The future of SALA is bright as it celebrates two decades this year with a record number of participants while keeping to its 1998 vision.
When SALA began 20 years ago – thanks to the direction of Paul Greenaway and Sam Hill-Smith (Deputy Chair), and the support of the Australian Commercial Galleries Association (ACGA) – there were only 21 metropolitan venues and 20 country venues participating. This year, there are 660 exhibitions and events and more than 6000 participants.
The original festival was only a week-long and now the month of August is dedicated to all things contemporary art. Greenaway cites three elements that were at the core of the SALA festival he created: “audience development, creating opportunities for artists, and education.” Even though this year’s festival looks quite different to that of 20 years ago on the surface, the fundamental objectives are the same.
“At the core it’s about celebrating South Australian living artists and expanding the audience,” SALA general manager Penny Griggs says. “Audience development has been and still is at the heart of the festival.”
From L to R: Fiona Borthwick, Penny Griggs and Kate Moskwa.
Griggs has made a concerted effort to connect with established artists and the professional sector to help cement SALA’s future.
“While many people identify with being artists, people who dedicate their professional lives to art have to be at the core of this festival,” she says. “Community is important and participation is important but at the very core are people who are professional artists.”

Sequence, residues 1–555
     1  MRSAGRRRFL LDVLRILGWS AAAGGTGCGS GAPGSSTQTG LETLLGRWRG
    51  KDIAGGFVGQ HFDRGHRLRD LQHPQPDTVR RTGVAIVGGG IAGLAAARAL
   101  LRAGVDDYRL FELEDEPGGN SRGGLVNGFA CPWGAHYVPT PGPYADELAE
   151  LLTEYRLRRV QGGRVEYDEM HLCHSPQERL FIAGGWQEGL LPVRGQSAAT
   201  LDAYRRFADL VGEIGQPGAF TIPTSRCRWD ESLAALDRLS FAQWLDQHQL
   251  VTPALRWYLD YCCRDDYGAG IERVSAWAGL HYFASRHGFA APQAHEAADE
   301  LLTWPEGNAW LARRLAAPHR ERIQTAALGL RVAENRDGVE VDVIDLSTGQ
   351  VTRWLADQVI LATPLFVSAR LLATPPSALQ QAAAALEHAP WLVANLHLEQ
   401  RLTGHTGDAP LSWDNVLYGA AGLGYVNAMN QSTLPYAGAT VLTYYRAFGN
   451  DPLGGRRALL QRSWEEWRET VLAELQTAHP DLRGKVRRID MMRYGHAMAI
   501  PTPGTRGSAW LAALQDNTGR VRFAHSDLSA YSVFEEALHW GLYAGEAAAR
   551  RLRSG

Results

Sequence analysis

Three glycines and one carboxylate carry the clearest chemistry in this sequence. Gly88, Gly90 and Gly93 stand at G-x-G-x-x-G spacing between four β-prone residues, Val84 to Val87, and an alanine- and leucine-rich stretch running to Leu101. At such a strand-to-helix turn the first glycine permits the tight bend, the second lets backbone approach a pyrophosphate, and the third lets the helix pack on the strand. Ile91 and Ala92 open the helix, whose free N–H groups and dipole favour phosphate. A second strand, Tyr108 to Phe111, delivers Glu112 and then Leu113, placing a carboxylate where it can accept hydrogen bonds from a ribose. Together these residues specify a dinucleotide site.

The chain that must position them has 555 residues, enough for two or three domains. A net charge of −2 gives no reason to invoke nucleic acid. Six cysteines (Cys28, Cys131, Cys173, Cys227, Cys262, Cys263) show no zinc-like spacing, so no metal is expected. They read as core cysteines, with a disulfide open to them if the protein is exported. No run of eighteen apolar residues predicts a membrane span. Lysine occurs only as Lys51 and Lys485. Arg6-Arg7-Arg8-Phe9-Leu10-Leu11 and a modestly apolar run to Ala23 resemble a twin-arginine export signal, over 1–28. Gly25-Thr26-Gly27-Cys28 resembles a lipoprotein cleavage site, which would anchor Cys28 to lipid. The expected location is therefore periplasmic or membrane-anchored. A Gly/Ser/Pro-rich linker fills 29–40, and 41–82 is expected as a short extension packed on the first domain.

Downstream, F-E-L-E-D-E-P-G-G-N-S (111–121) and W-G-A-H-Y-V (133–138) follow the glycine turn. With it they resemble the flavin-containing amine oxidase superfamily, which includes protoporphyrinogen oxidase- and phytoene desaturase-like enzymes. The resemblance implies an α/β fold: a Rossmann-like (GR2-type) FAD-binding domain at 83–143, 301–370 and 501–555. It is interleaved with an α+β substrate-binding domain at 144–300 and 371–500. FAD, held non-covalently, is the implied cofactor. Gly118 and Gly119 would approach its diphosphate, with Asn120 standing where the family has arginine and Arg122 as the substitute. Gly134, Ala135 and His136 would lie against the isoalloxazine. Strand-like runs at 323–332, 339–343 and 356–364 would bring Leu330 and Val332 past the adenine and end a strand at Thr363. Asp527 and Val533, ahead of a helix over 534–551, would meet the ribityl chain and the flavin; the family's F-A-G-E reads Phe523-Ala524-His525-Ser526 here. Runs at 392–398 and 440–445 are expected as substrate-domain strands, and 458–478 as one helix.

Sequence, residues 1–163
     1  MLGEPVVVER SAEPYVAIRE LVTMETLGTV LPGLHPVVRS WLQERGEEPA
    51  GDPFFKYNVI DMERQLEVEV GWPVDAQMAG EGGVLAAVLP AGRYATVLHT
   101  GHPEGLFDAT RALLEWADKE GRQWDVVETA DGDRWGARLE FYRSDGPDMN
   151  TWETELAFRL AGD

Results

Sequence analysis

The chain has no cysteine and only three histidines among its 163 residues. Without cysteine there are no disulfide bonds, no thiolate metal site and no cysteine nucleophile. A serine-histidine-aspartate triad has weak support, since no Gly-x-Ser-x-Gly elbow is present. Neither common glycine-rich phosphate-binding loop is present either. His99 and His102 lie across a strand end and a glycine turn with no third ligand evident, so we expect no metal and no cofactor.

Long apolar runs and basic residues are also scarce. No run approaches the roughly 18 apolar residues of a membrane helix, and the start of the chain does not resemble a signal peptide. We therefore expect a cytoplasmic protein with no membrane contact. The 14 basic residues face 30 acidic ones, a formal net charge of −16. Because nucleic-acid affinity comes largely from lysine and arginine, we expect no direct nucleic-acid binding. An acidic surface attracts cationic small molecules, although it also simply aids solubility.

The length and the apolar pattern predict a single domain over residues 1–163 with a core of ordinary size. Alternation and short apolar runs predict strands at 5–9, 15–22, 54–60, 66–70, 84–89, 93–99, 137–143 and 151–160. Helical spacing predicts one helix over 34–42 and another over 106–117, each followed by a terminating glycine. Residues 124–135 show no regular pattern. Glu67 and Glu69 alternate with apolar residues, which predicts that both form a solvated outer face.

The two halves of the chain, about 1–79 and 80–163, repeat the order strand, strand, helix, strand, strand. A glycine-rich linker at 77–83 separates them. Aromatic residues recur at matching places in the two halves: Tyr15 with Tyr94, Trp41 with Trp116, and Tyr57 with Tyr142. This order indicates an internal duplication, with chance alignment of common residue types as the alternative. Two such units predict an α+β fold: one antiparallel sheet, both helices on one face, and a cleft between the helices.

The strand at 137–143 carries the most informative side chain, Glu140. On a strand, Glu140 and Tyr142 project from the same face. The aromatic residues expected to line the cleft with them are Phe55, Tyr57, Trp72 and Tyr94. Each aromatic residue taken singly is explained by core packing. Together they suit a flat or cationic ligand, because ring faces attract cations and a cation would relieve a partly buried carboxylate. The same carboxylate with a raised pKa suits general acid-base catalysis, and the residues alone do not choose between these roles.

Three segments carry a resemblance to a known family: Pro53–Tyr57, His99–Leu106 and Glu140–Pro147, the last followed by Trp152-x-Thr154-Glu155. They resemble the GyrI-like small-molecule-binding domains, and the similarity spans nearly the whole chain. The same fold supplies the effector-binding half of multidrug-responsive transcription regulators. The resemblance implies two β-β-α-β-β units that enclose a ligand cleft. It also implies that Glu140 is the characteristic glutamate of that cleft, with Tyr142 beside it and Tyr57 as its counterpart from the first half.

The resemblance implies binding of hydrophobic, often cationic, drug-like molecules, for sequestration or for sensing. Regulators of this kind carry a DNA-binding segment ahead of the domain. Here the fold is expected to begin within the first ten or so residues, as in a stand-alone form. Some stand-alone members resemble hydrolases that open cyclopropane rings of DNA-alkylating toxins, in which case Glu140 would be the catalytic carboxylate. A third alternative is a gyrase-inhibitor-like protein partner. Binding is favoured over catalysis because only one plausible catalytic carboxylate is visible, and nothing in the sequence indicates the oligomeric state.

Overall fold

To make contemporary art more accessible, the festival has broadened the experience for audiences, so it’s not just about straight-up art exhibitions. It’s about allowing audiences the opportunity to get to know artists in a different way. This includes the Artist’s Voice Forum where South Australian artists lead discussions and debate on the state of visual arts in the state.
One stream that has developed over the last couple of years is the open studio – a chance to catch an artist at work in their studio. There are more than 100 artists registered for open studios this year. Then there is the artist-in-residence program. Announced earlier in the year, the work from the residencies is presented as part of the festival at participating venues. This year, painter and sculptor Sonali Patel is presenting work at SAHMRI, Jane Skeer at the Adelaide Festival Centre and Steph Fuller at Flinders Medical Centre.
For the first time SALA is working with Country Health SA and the University of South Australia to include four new artist-in-residence opportunities at country mental health inpatient units located at Whyalla, Berri and Glenside.
Griggs hopes that there might be an opportunity for SALA programming where we will see curated exhibitions as the centerpieces of the festival. She would also like to develop the artist residencies further.
SALA is celebrating 20 years with one of the most diverse programs including the SALA Gala Dada Dance, a Dada-inspired evening embracing the experimental, including whimsical wines, fanciful food and postmodern beats for art-defying dancing.
“There are some really great artists and galleries participating,” Griggs says. “It’s going to be a big year.”
Photography: Sia Duff